As I think I've remarked before in this space, there are a number of things fundamental to being human that science still cannot fully explain. These "mundane marvels" interest me — I'm thinking of laughing, crying, sleeping . . . and yawning. We yawn 25,000 times in our life. Fetuses do it, apparently. We do it when we're bored, anxious, hungry, tired.
And that's the problem. Nobody has the answer. Or, there are too many answers. Have a look at this article, which gives you something of the essence of Wolter Seuntjens's dissertation, a work in which he presented "a systematic-encyclopedic overview of all available knowledge about yawning." Have no fear, the short article is considerably less than encyclopedic. But it does shoot down most of the theories as to why we open wide. And it walks us through some theories we might never have imagined (I speak for myself), such as a connection with sex.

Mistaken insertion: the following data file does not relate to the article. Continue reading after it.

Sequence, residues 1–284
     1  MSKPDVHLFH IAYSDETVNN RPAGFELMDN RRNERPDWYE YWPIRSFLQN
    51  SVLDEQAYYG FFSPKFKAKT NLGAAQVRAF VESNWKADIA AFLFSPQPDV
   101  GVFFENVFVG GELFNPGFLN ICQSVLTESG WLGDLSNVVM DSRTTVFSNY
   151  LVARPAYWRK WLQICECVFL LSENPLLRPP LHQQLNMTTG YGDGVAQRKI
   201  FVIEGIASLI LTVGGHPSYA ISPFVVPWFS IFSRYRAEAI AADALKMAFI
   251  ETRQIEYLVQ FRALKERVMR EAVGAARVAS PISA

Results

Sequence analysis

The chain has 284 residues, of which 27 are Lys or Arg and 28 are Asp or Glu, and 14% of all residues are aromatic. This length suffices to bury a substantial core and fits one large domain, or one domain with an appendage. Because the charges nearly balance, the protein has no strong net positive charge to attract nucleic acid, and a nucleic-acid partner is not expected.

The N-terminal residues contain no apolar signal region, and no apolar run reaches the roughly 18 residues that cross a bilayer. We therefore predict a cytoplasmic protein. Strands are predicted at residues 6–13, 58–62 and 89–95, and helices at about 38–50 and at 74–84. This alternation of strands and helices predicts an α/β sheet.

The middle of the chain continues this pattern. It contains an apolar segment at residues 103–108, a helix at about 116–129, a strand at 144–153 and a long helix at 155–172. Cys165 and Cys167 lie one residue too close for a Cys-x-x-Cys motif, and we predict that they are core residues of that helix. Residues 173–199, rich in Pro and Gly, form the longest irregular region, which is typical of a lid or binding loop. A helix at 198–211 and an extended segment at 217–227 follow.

The question of why we yawn is interesting enough to have engaged the attention of the Library of Congress, if you can believe it. And the best thing to come from it was a link over to a site by one Dr. Walusinski, a site that does approach encyclopedic status. I learn that there was an international conference on yawning held in Paris in 2010 (love the logo; see at the right, above) and that there's a neural basis to contagious yawning, though I couldn't tell you what it is. But by then I was weary and had to get up and stretch — and yawn — taking with me, though, from the good doctor's site the pleasing fact that the stretching and stiffening of the spine I did while yawning is known as "pandiculation."
*photo credit Sean Drelinger